Editor’s Note: We get it honest enough…
Overspending is just as common as overeating during the holidays.
This season, many of us will realize we’ve fallen into the age-old trap of holiday overspending.
And in some cases, it’ll take us months to make up the difference.
And if the overspending extends beyond the holidays, or if it’s still hard to find a budget that fits, it could be a sign of a larger problem.
That’s why, this holiday season, we’ve brought in Matthew Carr, Chief Trends Strategist at our sister e-letter Profit Trends.
Matthew will share the story of how he’s watched self-destructive tendencies keep friends stuck in the cycle of living paycheck to paycheck.
If this sounds like you, don’t worry. It’s a common enough problem, and it’s certainly fixable.
Consider talking to a financial advisor and taking a look at this piece by Chief Income Strategist Marc Lichtenfeld to set a plan for getting back on track.
The holidays may be about honoring traditions – but financial stress doesn’t have to be one of them.
– Mable Buchanan, Managing Editor
The holiday season is officially here.
And like many of you, I’ve been getting cards, letters and emails from family and friends wishing me and mine their best.
Though, recently, one of these bothered me.
It was an email to a close-knit group of friends from one whom many of us hadn’t seen in a while. The note itself was pleasant enough. There were the usual updates on kids and family. But one sentence in particular saddened me: “We’re just trying to survive like so many of you…”
My wife and I both had the same reaction to reading it. It was likely true.
Even our closest friends – many of whom are doing quite well incomewise – are just trying to “survive.” They’re caught in this cycle of living paycheck to paycheck. It’s a vicious circle so many people can’t seem to break free from.
And during the holidays – despite the mania of joyous spending – it seems like so much more of a burden.
The problem is so many people struggle because of self-inflicted wounds.
And the worst part is that it’s hard to convince them to stop. It’s like there are these self-destruct sequences programmed into us that are nearly impossible to disarm.
Growing up poor, I was told that money couldn’t buy happiness.
I don’t know if it was a self-defense mechanism. I don’t know if it was an actual realization.
But it was always implied that the wealthy people living in those big houses on the nice side of town weren’t really happy. That they were somehow immoral at their core. We’ve all heard that “The love of money is the root of all evil.”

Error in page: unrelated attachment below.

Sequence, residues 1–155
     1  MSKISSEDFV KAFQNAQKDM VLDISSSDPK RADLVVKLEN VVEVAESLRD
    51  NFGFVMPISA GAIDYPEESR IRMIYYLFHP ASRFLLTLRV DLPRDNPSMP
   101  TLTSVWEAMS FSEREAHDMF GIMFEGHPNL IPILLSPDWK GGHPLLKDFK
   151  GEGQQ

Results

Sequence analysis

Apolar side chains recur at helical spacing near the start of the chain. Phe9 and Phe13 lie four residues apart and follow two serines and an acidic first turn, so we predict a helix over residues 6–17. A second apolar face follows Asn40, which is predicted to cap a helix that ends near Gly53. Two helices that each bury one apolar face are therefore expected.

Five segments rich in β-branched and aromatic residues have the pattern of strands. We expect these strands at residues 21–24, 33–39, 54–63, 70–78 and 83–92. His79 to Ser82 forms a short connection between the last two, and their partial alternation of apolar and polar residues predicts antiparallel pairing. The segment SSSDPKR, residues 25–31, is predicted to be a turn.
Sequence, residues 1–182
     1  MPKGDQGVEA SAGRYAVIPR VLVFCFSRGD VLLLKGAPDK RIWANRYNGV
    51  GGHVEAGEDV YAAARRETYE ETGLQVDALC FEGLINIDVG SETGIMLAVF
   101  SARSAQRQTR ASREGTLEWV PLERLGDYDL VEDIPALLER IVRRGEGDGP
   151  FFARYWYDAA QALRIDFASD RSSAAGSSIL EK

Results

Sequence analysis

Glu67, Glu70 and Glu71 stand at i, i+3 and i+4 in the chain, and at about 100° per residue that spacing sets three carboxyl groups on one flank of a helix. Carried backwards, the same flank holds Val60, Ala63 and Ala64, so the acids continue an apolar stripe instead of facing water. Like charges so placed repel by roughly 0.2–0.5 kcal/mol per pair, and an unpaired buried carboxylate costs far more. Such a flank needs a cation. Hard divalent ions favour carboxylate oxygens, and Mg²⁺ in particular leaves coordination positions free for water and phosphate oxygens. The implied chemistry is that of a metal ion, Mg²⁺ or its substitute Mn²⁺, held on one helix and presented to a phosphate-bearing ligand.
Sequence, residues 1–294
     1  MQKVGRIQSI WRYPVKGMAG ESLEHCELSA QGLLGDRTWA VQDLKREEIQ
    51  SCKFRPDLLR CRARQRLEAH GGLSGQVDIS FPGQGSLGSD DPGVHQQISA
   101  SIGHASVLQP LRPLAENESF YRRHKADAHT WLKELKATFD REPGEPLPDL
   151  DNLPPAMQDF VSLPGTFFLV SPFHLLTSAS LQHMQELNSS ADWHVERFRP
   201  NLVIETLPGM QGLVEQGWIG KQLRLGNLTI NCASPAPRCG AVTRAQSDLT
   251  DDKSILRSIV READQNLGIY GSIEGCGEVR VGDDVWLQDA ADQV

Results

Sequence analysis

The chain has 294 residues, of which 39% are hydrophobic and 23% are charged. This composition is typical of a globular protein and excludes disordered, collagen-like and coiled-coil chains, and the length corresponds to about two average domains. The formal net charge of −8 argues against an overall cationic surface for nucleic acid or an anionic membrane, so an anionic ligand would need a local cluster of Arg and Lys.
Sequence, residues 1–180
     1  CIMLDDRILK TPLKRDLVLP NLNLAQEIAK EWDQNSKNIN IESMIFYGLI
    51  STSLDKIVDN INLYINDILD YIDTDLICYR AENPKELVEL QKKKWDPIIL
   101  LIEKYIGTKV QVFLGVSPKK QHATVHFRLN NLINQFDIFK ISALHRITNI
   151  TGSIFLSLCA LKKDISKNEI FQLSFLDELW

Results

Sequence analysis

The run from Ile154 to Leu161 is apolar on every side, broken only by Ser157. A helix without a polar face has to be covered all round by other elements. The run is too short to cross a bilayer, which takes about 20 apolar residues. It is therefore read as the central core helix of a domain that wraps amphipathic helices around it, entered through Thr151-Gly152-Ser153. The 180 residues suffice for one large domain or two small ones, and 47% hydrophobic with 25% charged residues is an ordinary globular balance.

This idea gets instilled in us, especially if we don’t come from money, that if we somehow have more than we need, we are or will be corrupted.
But what if I told you it’s these perceptions that are the root of our financial struggles?
Studies, like those from financial psychologist Dr. Brad Klontz of Creighton University, show the more negative your attitude is toward wealth and the wealthy, the more likely you are to have a lower income.
Basically, a hatred of the rich and money ends up making you poor.
This is a practice called “money avoidance.”
Essentially, this is financial self-sabotage.
It ranges from overspending to an unwillingness to educate yourself on money matters. It lures people into the trap of not planning for retirement or even developing an irrational fear of money.
This is why 70% of lottery winners go bankrupt within five years. And why people who receive a large inheritance blow through it just as quickly.
The concept of money – what it really means – is lost on them.
I never developed a hatred or a love of money.
What I did develop was an understanding of what money truly meant. At least to me. And that’s freedom.
Freedom to do whatever I want. Freedom to be as generous as I want. Freedom to not be stressed about money and the future. Freedom to walk off into the sunset whenever I feel like it.
And a lot of it begins with our necessities.
No matter your income level, no matter what “percent” you’re a part of, we all must pay for necessities – homes, clothes, food and even our retirements.
According to a survey by PricewaterhouseCoopers, more than half of employees are stressed out about their finances.
Meanwhile, 42% of baby boomers have nothing saved for retirement. And of those who do, 38% have less than $100,000 squirreled away.
It’s a dangerous financial situation. And more and more older Americans are being forced to work later and later in life. Not because they want to. But because they have to.
We’re all going to need money. But our income-earning days will eventually come to an end.
We can’t fall into the traps of money avoidance – of just “surviving” another year.
That’s not living.
We have to face our fears and misunderstandings about money and wealth…
And we have to recognize whether we’re guilty of self-sabotage.
If we are, it’s never too late to change.
Here’s to high returns,